Academics are warning of the possible drying of another lake in Ethiopia. One of the rift valley lakes is endangered mostly due to human intervention.
Lake Abiyata is one of the famous water bodies in the country known for being the home of flamingos and algae which is known for its super nutritional values: spirulina. Many other natural benefits can be mentioned here. However, according to academics of Addis Ababa University, the likely death of Lake Abijata is close to becoming a reality and, among other things, they advocate that preservation is the only remedy. One of these academics is Tadesse Fetahi (Ph.D.) who sat down with Birhanu Fikade of The Reporter to talk about dangers facing Lake Abijata. Excerpts:
The Reporter: Please tell us about yourself and what you do?
Tadesse Fetahi: I work and teach at the Addis Ababa University (AAU) at the College of Natural Sciences under the department of Zoological Sciences. My stream is Fisheries and Aquatic Science. I am a Limnologist - a profession related to aquatic ecology. Professionals in this field work on rivers, lakes, wetlands, ponds etc. In simple terms, they work in land water bodies away from the coasts.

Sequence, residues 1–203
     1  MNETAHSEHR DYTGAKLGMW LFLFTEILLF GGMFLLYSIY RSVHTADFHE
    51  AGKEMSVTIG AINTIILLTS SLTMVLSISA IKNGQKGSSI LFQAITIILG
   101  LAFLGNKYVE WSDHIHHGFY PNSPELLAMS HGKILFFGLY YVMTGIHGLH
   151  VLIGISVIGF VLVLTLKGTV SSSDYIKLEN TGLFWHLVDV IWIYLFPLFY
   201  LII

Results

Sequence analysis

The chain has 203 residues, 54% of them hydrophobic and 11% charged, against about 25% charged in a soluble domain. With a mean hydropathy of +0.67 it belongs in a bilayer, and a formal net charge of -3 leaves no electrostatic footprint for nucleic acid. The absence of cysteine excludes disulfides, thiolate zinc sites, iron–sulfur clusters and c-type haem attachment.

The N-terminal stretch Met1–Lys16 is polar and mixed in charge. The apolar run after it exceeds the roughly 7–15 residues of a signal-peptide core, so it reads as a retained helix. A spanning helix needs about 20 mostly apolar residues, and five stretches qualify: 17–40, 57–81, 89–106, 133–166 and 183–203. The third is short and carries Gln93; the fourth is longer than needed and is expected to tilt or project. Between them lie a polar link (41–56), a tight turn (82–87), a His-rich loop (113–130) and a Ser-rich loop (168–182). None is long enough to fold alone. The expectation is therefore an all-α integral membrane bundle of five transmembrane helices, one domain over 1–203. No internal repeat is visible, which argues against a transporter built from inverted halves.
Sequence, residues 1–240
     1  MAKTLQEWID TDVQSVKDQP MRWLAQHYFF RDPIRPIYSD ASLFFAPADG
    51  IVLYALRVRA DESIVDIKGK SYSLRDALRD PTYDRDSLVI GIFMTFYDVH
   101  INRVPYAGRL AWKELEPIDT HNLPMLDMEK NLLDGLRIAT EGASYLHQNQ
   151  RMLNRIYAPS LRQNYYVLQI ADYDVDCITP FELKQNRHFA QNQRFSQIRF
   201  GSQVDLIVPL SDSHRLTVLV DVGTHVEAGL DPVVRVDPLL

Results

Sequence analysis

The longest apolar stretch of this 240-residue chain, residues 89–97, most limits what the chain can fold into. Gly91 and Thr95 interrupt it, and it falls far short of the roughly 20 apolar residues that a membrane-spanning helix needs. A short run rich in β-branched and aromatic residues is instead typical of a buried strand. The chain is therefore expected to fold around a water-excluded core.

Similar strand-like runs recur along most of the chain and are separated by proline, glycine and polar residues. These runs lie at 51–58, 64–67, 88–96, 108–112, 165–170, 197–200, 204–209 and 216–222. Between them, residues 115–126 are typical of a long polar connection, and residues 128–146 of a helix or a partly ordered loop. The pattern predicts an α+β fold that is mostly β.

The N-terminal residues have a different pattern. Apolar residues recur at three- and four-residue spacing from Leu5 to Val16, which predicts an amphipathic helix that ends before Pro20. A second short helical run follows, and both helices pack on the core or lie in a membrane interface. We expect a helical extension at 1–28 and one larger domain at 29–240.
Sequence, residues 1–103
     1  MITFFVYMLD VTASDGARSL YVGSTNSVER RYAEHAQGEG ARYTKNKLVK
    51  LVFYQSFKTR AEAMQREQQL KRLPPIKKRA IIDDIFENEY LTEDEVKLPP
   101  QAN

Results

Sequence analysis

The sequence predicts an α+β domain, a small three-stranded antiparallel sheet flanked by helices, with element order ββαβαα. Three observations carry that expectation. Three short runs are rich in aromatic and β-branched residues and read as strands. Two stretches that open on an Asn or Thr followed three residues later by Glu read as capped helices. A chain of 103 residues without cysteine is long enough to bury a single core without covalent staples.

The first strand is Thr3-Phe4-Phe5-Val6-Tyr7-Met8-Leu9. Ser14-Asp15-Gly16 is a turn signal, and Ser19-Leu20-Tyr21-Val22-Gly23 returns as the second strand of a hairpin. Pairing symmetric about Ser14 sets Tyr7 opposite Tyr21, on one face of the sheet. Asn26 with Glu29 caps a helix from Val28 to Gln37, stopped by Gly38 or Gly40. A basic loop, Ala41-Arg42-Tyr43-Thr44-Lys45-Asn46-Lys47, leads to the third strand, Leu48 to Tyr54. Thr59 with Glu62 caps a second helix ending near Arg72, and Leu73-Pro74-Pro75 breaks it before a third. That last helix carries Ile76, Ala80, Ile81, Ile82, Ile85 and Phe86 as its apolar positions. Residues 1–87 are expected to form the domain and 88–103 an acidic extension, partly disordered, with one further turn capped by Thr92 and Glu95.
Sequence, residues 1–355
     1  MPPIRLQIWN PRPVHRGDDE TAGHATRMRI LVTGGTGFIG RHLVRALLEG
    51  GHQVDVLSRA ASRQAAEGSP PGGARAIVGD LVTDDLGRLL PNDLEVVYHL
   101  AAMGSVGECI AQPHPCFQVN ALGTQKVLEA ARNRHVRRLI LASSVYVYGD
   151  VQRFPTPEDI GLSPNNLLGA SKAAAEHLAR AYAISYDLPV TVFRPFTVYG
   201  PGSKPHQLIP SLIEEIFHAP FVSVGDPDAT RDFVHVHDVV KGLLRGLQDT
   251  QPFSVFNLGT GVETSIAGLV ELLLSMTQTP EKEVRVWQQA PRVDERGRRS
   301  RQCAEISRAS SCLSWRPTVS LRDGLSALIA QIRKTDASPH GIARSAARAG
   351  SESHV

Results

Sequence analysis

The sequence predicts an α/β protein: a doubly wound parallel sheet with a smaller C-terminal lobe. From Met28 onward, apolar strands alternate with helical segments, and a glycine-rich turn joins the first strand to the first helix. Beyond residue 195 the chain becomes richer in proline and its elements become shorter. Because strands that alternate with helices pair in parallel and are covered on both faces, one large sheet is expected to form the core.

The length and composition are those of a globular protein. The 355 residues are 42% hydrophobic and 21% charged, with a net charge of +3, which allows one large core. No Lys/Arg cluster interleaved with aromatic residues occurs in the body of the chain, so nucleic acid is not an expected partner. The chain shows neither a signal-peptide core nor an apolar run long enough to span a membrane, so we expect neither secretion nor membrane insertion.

Are you concerned about the fate of Lake Abiyata?
As a professional and an ordinary citizen, I am highly concerned about the fate of Lake Abiyata. Many people are also concerned about it. They have immortal memories of the lake. The beauty of the lake is particularly related to the birds it hosts. It is so magnificent and to add more, the lake is found in one of the national parks of the country: Abiyata-Shalla Lakes National Park. Unfortunately, the lake is dying or it is possible to say it is drying alarmingly. So I am concerned. We do have resources no doubt about that. The question is how we are utilizing them in a sustainable manner. We have the obligation to pass them to the next generation. We need to conserve them.
Before that what exactly is the clear danger facing Lake Abiyata?